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Article
September 1997

Multiple, Hereditary Dome-Shaped Papules and Acrochordons

Author Affiliations

Hospital of the University of Pennsylvania, Philadelphia (Drs Haimovitz, Halpern, and Heymann), and the University of Medicine and Dentistry of New Jersey, Robert Wood Johnson Medical School, Camden (Dr Heymann)

Arch Dermatol. 1997;133(9):1166. doi:10.1001/archderm.1997.03890450117018
Abstract

REPORT OF A CASE  A 42-year-old white man presented for evaluation of numerous asymptomatic papules and skin tags that had developed decades earlier. In his teens, he noted the onset of multiple skin tags (Figure 1). In his early 20s, he developed innumerable 2- to 5-mm, pale, yellow-brown, dome-shaped papules, predominantly on the face, chest, and upper back area (Figure 2). There were no significant oral lesions. Close inspection of the numerous papules revealed that some were follicular, while others demonstrated a hair toward the periphery of a given papule. The patient reported that his father, paternal grandfather, uncle, and aunt had skin lesions that were similar to his own. The patient's only child, a 6-year-old son, was free of skin disease.Skin biopsy specimens of 2 papules are shown in Figure 3 and Figure 4.What is your diagnosis?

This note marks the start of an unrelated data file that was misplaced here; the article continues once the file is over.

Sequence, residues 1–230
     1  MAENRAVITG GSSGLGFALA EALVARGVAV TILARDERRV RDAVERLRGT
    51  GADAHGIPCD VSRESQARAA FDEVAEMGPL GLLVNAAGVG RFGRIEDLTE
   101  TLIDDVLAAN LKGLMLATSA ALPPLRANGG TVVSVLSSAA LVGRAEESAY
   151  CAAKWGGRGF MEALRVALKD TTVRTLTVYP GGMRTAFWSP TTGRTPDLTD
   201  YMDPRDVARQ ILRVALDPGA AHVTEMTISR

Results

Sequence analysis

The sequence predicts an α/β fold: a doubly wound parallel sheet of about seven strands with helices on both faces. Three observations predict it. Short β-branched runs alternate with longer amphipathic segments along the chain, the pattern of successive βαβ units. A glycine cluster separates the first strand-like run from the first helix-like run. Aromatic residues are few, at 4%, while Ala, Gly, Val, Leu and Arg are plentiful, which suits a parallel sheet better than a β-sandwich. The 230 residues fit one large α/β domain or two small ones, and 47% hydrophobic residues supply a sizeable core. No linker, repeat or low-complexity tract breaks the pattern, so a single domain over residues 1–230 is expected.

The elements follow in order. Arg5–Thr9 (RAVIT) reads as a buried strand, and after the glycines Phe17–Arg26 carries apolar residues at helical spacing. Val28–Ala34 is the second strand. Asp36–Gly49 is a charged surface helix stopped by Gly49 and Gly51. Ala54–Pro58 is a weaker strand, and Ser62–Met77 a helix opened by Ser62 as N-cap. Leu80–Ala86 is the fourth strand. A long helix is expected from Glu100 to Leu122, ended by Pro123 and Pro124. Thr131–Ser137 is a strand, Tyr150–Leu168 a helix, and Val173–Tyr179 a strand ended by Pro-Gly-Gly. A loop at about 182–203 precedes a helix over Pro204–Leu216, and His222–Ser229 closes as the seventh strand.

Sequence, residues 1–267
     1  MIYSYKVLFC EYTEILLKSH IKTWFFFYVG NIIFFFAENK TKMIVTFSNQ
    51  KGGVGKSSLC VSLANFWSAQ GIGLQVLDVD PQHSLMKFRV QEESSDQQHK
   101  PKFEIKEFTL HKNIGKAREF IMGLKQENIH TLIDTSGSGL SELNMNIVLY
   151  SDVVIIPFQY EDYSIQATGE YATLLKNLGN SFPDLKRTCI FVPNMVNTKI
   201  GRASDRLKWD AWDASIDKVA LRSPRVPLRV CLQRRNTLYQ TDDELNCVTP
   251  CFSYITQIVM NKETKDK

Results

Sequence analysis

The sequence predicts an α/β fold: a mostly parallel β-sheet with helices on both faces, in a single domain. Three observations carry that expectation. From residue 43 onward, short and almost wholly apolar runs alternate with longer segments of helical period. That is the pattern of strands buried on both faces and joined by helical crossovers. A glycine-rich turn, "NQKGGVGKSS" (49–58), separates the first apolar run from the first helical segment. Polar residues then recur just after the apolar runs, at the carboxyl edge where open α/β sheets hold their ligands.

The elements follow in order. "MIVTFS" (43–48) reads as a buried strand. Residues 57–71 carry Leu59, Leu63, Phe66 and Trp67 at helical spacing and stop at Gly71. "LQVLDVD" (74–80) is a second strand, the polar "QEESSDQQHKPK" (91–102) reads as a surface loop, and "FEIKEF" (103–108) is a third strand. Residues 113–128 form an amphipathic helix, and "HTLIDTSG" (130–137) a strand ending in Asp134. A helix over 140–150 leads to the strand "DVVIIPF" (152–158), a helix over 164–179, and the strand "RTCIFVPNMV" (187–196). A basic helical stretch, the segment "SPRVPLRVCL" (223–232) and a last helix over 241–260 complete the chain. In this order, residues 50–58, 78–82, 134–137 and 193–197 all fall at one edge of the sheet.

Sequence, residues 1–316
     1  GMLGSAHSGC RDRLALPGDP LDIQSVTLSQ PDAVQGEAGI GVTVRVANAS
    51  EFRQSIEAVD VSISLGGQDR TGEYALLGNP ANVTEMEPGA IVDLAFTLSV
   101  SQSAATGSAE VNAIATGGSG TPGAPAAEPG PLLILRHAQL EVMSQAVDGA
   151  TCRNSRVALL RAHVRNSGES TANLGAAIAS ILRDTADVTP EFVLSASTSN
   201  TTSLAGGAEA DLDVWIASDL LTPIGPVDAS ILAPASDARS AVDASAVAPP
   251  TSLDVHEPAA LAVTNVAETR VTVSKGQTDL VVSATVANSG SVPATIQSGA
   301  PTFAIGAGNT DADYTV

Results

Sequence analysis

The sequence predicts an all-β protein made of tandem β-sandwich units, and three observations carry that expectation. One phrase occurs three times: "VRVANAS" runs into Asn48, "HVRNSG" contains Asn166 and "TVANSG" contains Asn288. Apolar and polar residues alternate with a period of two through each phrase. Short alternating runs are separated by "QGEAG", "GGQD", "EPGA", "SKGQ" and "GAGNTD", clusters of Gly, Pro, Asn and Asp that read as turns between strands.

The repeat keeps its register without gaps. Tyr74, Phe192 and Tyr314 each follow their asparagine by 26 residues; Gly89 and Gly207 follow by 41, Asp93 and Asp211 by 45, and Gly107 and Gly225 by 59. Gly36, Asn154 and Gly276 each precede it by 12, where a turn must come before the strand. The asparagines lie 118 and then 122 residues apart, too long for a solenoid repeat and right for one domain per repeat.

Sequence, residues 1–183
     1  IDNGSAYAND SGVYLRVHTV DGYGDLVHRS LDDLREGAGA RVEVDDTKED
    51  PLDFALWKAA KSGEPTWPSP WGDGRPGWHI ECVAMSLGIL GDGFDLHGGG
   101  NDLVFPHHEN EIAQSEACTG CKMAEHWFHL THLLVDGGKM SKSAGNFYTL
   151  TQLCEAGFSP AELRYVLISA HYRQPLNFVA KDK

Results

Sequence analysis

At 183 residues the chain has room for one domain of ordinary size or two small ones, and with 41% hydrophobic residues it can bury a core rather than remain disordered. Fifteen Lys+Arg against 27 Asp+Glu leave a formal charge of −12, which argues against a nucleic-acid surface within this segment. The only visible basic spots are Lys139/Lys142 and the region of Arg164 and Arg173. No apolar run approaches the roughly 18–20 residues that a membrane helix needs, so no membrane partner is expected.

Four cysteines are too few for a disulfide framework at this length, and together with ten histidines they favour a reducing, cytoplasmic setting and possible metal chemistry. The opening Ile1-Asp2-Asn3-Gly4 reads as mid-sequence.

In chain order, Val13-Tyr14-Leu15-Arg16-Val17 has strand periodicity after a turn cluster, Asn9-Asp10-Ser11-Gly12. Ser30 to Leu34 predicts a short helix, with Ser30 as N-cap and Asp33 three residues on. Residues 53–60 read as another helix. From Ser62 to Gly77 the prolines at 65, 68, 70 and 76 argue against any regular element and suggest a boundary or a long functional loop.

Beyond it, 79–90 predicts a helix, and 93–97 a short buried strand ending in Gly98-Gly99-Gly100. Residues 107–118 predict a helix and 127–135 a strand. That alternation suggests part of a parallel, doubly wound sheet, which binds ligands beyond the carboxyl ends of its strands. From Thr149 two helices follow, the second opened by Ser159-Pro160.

DIAGNOSIS:  Birt-Hogg-Dubé syndrome.

HISTOPATHOLOGIC FINDINGS  A biopsy

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